Suicide, Accident or Murder?

    On March 23 the medical examiner viewed the body of Ronald Opus and concluded that he died from a gunshot wound of the head caused by a shotgun.

    Investigation to that point had revealed that the decedent had jumped from the top of a ten-story building with the intent to commit suicide (he left a note indicating his despondency). As he passed the ninth floor on the way down, his life was interrupted by a shotgun blast through a window, killing him instantly. Neither the shooter nor the decedent was aware that a safety net had been erected at the 8th floor level to protect some window washers and that the decedent would not have been able to complete his intent to commit suicide because of this.

    Ordinarily, a person who starts into motion the events with a suicidal intent ultimately commits suicide even though the mechanism might be not what he intended. That he was shot on the way to certain death nine stories below probably would not change his mode of death from suicide to homicide. But the fact that his suicidal intent would not have been achieved under any circumstance caused the medical examiner to feel that he had homicide on his hands.

    Further investigation led to the discovery that an elderly man and his wife occupied the room on the ninth floor from whence the shotgun blast emanated. He was threatening her with the shotgun because of an interspousal spat and became so upset that he could not hold the shotgun straight. Therefore, when he pulled the trigger, he completely missed his wife and the pellets went through the window striking the decedent.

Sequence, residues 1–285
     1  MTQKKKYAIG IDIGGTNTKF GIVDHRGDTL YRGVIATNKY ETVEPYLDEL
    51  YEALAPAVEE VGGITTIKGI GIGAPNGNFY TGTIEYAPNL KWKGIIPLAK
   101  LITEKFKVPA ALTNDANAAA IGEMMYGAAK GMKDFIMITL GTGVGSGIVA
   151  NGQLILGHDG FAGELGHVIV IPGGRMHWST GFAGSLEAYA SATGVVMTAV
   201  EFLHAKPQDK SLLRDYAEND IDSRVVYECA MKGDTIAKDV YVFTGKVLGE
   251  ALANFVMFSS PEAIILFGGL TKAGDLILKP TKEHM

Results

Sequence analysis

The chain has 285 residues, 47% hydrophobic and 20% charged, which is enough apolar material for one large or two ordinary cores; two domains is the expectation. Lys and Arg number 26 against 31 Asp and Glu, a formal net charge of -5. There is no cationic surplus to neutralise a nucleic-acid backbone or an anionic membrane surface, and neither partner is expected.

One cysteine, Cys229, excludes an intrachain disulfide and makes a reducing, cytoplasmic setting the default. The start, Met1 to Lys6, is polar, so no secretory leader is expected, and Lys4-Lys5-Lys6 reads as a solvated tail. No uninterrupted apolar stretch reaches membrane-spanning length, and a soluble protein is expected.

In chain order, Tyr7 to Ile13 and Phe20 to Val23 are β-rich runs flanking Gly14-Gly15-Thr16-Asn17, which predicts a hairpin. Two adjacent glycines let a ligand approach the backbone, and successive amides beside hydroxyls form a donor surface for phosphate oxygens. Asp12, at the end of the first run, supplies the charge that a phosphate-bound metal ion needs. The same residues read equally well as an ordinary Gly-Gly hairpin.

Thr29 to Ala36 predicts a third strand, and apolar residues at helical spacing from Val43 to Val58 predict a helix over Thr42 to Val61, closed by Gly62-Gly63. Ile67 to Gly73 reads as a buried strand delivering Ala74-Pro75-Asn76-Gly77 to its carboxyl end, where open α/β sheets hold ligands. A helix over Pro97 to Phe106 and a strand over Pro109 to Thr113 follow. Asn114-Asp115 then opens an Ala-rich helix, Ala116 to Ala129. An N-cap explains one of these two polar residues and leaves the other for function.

When one intends to kill subject A, but kills subject B in the attempt, one is guilty of the murder of subject B. The old man was confronted with this conclusion, but both he and his wife were adamant in stating that neither knew that the shotgun was loaded. It was the longtime habit of the old man to threaten his wife with an unloaded shotgun. He had no intent to murder her; therefore, the killing of the decedent appeared then to be accident. That is, the gun had been accidentally loaded.

    But further investigation turned up a witness that their son was seen loading the shotgun approximately six weeks prior to the fatal accident. That investigation showed that the mother (the old lady) had cut off her son’s financial support and her son, knowing the propensity of his father to use the shotgun threateningly, loaded the gun with the expectation that the father would shoot his mother. The case now becomes one of murder the part of the son for the death of Ronald Opus.